I have the opposite problem , I cant keep callouses on my fingers! My job (cook) requires my hands to be wet a lot of the time, and also a lot of handwashing. It seems I never form callouses because they are constantly being softened up. Any thoughts?


   
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David Hodge
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Actually the same thoughts the Hyperborea just put down. When I was learning to play I also worked restaurant jobs and my hands were constantly in and out of water. It was tough, but eventually the callouses took over even with all the "real job" doing its best to keep them away. It does take longer, but more practice helps you get there.

Sorry this isn't of more help.

Peace


   
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Kroikey
(@kroikey)
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I think the problem with softening the hands with washing up can be helped by using alcohol on the tips of your fingers to dry them out somewhat.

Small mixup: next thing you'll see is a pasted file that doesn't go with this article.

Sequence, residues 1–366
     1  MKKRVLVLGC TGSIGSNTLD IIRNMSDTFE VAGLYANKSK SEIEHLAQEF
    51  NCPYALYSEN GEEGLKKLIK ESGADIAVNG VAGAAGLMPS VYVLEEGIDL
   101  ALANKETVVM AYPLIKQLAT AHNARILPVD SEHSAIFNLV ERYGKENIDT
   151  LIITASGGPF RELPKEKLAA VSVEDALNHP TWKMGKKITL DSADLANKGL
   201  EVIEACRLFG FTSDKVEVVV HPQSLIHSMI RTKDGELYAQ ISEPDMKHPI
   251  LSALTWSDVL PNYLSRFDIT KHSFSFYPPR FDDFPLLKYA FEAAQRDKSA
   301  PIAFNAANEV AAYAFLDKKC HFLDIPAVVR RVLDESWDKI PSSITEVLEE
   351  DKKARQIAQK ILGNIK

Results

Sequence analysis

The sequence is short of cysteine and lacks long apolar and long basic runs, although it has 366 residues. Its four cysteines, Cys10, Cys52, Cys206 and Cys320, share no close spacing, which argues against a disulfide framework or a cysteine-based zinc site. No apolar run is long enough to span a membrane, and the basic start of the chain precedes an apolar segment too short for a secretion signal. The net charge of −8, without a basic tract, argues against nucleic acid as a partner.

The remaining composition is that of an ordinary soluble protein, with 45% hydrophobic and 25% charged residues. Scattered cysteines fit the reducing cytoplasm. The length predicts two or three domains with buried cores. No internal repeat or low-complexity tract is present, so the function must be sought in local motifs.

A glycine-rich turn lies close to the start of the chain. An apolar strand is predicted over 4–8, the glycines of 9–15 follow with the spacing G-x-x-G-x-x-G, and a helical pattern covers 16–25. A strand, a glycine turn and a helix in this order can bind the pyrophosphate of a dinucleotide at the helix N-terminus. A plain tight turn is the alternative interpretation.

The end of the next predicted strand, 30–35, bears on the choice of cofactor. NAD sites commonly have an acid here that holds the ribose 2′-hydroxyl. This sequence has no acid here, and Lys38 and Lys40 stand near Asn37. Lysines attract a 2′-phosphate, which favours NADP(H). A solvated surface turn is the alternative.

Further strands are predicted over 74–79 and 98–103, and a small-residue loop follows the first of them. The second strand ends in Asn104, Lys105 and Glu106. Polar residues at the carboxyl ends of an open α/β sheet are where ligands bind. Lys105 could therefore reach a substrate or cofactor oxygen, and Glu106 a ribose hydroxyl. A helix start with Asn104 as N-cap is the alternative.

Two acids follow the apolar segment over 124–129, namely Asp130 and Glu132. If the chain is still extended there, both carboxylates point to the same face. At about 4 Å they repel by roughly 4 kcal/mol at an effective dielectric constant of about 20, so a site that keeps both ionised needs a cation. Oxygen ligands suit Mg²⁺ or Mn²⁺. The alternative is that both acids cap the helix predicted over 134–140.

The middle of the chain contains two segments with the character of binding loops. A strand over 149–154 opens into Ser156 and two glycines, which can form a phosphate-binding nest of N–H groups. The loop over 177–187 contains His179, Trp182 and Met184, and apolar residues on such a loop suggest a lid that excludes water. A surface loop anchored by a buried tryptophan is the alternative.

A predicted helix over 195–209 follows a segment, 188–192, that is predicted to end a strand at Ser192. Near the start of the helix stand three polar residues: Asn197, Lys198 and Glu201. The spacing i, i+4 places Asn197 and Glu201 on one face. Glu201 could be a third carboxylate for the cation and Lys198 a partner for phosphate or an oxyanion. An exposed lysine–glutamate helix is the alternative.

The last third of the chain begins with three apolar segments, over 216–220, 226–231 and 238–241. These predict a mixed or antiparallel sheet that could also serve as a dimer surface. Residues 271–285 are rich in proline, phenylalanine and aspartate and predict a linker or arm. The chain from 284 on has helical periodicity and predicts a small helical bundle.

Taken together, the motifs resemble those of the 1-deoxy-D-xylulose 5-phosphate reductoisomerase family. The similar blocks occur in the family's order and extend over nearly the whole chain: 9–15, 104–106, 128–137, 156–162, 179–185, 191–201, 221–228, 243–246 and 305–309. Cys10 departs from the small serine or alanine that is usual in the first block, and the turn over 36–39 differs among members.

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axissupersport
(@axissupersport)
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Joined: 14 years ago
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Since you work with your hands a lot try to wear gloves as much as posibble. A little splinter can really cause problems if it's in the wrong place. Other than that, just keep playing and you'll be fine.


   
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ballybiker
(@ballybiker)
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I think the problem with softening the hands with washing up can be helped by using alcohol on the tips of your fingers to dry them out somewhat.

leave the washing up and drink the alcohol....NO PROBLEM :lol:

what did the drummer get on his I.Q. test?....

Drool

http://www.myspace.com/ballybiker


   
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Anonymous
(@anonymous)
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Joined: 15 years ago
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you know what's weird is that after a while, the callouses go away and you're just left with slightly leathery fingertips.
i just smoosh my fingers if there's a groove, and then it goes away.


   
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Sin City Sid
(@sin-city-sid)
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Check your guitar setup. A incorrectly setup instrument will require more effort and string pressure to sound good. You really shouldn't have to press to hard.